Religion Watch


RELIGION WATCH….In the LA Times today, Cathleen Decker repeats the claim that Barack Obama kicked ass among religious voters this year. Let’s deconstruct her argument. The first problem is that she has her facts wrong:

Exit polls showed the dramatic effect: Obama won 43% of voters who said they attend church weekly, eight percentage points higher than 2004 Democratic nominee John F. Kerry.

That’s not true. Kerry won 39% of weekly churchgoers in 2004. Obama did four percentage points better than Kerry, not eight.

The second problem is that it’s irrelevant. Check this out:

“Obama did better than Kerry among pretty much every religious group,” said Greg Smith, a research fellow at the Pew Forum on Religion & Public Life who analyzed the poll results.

Even among voters who describe themselves as born-again Christians or evangelicals, a group that tends to vote Republican, Obama improved on Kerry’s standing….Yet there is no doubt that secular voters were more supportive of Obama than religious ones, according to the exit poll.

So Obama did better among every religious group and he did better among seculars. Hmmm. It’s almost as if Obama did better among everyone!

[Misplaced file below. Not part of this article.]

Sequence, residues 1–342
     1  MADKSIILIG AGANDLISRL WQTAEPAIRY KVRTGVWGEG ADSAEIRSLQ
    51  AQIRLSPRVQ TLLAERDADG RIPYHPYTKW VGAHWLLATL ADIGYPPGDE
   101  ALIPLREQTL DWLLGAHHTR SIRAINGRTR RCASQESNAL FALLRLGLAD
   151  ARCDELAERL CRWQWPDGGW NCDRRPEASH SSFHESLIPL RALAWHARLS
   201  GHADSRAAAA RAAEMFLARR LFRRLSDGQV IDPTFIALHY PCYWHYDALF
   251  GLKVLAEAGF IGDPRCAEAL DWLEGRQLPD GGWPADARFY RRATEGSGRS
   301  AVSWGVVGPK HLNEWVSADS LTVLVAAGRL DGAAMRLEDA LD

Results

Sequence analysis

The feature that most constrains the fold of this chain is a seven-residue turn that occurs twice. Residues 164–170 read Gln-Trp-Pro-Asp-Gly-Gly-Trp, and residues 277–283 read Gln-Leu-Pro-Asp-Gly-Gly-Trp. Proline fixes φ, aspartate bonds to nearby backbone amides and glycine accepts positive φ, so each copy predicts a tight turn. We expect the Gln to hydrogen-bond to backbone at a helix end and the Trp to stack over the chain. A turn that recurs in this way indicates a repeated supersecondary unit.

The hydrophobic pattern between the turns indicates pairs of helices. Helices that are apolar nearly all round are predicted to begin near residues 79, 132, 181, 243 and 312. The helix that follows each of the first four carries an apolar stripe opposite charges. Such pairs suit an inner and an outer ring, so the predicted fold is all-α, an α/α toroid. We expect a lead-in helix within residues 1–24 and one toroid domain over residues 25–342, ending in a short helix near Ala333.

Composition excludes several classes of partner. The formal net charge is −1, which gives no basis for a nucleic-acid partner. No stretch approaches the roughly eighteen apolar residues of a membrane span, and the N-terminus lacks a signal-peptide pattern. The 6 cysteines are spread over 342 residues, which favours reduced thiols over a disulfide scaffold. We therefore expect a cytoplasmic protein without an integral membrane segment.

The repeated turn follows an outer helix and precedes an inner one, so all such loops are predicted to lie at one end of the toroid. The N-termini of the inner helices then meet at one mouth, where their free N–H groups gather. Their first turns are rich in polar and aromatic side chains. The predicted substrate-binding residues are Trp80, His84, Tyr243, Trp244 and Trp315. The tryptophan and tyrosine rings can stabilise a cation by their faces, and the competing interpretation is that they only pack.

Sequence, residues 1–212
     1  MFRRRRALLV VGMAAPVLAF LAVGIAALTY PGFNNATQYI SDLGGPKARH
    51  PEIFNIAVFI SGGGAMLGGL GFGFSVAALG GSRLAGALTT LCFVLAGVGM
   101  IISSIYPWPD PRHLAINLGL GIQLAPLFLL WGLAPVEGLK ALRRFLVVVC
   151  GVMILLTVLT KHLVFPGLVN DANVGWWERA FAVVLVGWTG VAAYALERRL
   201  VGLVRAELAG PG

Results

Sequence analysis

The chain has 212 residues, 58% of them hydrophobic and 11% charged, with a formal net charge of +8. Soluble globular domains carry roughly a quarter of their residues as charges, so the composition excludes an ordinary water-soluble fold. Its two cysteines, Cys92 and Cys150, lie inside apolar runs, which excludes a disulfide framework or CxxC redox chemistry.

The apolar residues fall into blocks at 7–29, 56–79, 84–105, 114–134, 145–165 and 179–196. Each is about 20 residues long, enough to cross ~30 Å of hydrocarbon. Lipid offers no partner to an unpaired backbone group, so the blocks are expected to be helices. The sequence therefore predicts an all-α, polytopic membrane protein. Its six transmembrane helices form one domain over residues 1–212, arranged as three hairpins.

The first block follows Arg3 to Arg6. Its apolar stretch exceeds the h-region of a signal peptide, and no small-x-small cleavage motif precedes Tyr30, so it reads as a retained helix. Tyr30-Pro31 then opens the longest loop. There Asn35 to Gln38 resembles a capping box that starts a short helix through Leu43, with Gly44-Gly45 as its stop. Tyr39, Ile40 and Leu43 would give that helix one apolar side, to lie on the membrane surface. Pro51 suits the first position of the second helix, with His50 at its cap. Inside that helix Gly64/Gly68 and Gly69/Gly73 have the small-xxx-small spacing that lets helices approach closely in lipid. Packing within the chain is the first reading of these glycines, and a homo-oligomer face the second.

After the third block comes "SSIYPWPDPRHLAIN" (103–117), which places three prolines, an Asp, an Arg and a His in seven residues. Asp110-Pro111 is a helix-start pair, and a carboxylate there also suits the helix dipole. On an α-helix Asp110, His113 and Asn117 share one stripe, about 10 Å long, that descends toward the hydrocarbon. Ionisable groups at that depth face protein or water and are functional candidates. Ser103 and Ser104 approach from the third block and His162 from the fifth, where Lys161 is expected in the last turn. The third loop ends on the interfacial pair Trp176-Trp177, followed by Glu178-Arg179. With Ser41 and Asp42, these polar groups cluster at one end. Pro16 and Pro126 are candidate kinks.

Which he did. He beat Kerry’s overall 2004 total by 4.3 percentage points, which means that doing four points better among weekly churchgoers doesn’t mean a thing. What’s more, the reason he did even that much better is pretty obvious: blacks and Latinos, who are heavy churchgoers, voted strongly for Obama this year — and needless to say, that had nothing to do with Obama’s outreach to the religious community. (In fact, Obama underperformed with white evangelicals.) Decker mentions this, but then plows right through to provide nearly a thousand additional words of anecdotal explanation for Obama’s nonexistent surge of support among churchgoers.

Please. Can we stop this? I know we all need stories, and liberals are hungry for evidence that we’re making inroads among religious voters. But we aren’t. In fact, Obama made up more ground among the nonreligious than he did among the religious. For some reason, though, no one seems interested in writing a story about that.

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